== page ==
1.2019/03 Child Benefit Summary Decision  Question at issue: Qualified child- ordinarily resident
2.2019/44 Jobseeker’s Allowance Summary DecisionQuestion at issue: Eligibility (full-time education)
3.2019/50 Farm Assist Summary DecisionQuestion at issue: Overpayment
4.2019/57 Widower’s (Non-Contributory) Pension Oral HearingQuestion at issue: Entitlement-co-habiting
L.2020 
1.2020/01 Child Benefit – Qualified Person  Question at issue Qualified person
22020/49 State Pension (Contributory) 
M.2021 
1.2021/01 Child Benefit – Qualified Child  Question at issue Qualified child

Social Welfare Appeal G0131: State Pension (contributory)

Date of Final Decision: 27 June 1997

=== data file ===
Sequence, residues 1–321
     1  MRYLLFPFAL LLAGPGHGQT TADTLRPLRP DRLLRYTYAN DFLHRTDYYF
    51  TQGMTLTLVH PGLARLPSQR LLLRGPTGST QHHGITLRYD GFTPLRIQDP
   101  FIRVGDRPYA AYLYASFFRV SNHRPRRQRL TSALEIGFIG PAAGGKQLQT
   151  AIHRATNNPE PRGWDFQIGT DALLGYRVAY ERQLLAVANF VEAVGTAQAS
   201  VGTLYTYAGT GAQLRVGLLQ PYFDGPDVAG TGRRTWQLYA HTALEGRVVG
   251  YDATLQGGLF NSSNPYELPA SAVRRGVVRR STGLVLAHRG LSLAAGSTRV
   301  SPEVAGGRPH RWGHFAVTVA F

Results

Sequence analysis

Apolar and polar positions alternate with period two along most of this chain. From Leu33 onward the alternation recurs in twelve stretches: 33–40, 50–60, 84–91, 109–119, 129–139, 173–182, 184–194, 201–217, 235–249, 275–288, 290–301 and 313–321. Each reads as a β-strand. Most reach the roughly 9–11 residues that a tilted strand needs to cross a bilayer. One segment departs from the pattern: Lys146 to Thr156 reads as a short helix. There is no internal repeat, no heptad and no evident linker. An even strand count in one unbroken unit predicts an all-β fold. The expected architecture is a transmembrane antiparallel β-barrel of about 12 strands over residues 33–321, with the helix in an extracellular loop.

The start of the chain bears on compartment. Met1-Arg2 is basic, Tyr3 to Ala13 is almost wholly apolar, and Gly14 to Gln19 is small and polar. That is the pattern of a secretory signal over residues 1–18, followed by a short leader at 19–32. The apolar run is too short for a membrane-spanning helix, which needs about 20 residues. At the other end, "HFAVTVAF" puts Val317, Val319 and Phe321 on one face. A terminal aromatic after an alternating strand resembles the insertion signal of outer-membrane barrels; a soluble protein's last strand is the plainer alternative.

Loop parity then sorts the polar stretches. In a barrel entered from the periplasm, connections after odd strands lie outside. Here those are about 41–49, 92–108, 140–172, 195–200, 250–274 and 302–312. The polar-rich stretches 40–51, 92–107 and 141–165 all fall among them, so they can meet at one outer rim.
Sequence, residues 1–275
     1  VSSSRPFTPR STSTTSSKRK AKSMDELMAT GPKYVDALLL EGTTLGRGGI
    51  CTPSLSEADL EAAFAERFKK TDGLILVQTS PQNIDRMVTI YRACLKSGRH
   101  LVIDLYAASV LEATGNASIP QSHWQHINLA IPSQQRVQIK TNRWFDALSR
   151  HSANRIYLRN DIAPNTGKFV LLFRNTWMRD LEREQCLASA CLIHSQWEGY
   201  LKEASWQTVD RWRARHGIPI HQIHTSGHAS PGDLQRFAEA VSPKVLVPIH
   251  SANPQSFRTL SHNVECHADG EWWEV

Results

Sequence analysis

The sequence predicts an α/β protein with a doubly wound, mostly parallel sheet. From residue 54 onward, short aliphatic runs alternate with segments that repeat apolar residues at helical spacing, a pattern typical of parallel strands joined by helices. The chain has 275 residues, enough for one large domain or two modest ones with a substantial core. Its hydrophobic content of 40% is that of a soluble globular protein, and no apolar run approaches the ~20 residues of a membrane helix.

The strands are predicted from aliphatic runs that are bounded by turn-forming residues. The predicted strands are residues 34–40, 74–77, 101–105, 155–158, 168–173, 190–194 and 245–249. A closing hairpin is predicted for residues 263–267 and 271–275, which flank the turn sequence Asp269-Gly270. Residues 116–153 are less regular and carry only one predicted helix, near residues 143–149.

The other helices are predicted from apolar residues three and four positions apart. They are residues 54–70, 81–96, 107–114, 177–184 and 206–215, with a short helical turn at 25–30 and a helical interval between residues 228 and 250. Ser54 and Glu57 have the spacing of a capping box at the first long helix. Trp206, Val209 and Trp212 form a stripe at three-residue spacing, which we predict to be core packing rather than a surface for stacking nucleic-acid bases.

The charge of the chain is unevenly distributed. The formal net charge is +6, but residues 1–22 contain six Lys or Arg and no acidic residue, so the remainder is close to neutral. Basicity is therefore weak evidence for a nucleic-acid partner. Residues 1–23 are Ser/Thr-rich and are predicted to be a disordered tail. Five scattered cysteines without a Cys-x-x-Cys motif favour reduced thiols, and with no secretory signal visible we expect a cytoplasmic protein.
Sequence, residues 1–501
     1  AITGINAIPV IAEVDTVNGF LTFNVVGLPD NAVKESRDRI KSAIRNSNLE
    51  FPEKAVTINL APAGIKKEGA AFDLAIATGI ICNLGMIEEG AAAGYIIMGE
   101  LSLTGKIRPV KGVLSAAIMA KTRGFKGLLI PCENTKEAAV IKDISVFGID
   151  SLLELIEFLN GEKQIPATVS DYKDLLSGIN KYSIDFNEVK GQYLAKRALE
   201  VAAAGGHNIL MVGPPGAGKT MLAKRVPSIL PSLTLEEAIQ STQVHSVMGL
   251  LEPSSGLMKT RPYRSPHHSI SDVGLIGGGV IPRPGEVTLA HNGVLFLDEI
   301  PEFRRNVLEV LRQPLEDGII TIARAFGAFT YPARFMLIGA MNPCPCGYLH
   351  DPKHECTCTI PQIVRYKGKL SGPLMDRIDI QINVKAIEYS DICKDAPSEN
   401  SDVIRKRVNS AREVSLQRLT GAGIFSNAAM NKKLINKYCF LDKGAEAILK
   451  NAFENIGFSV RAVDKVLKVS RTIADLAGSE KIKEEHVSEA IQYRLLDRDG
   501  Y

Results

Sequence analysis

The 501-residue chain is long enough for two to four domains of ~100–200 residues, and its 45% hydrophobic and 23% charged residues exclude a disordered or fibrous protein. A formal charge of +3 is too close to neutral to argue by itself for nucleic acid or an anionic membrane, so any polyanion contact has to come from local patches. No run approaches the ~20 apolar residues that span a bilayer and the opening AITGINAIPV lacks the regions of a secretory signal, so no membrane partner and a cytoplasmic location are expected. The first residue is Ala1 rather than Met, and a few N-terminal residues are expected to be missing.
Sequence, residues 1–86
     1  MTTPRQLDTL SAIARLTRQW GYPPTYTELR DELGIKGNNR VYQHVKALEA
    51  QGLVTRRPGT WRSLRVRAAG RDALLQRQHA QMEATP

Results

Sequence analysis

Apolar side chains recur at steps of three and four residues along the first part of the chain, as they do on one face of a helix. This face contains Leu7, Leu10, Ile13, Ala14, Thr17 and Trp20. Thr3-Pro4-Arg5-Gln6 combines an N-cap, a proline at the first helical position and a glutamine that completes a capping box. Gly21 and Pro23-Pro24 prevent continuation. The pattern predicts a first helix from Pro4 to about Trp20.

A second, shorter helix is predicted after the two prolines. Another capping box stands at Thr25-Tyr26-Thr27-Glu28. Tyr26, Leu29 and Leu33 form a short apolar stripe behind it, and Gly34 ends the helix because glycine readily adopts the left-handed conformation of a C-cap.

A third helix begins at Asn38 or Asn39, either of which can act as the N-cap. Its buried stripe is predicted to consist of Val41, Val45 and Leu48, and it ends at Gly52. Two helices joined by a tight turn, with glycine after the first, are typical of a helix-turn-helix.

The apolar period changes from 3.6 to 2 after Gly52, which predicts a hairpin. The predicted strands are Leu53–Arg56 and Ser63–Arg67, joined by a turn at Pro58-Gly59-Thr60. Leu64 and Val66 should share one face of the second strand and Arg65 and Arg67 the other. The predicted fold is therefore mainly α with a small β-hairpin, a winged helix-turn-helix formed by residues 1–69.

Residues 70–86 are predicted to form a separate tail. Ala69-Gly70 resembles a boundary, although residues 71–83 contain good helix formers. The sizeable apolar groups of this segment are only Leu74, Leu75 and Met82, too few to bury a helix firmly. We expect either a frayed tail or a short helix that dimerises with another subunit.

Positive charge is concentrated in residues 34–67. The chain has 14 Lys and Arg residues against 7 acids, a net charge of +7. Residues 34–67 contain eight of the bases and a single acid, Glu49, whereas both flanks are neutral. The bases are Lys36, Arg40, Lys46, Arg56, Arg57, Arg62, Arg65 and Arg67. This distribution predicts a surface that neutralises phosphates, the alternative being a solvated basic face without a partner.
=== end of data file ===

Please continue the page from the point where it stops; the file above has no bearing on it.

Keywords: State Pension; Fair Procedures; Natural Justice; Fair Hearing; Oral Hearing; Cross Examination; Witnesses; Incomplete Records; Evidence; Estoppel

Organisation who represented the Claimant: N/A

Title of Payment: State Pension (contributory)

Casebase no: G0131

Case Summary:

The case reference is Galvin v Chief Appeals Officer [1997] IEHC 218.

The case concerned a challenge to the decision by the Chief Appeals Officer of the Department of Social Welfare (the “Respondent”) when assessing the application of Mr Galvin (the “Applicant”) for a contributory old age pension. The Chief Appeals Officer (and before them the deciding officer and appeals officer) had denied this application. The reason for this decision was that the Department did not have records to show that the Applicant had made sufficient social insurance contributions to be eligible to receive this benefit.